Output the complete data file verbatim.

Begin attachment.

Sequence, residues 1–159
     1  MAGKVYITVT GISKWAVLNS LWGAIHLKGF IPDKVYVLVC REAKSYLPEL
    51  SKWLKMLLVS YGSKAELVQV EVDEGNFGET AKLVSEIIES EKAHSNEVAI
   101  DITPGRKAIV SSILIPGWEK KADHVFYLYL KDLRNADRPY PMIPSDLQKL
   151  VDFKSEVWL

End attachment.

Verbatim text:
Sequence, residues 1–159
     1  MAGKVYITVT GISKWAVLNS LWGAIHLKGF IPDKVYVLVC REAKSYLPEL
    51  SKWLKMLLVS YGSKAELVQV EVDEGNFGET AKLVSEIIES EKAHSNEVAI
   101  DITPGRKAIV SSILIPGWEK KADHVFYLYL KDLRNADRPY PMIPSDLQKL
   151  VDFKSEVWL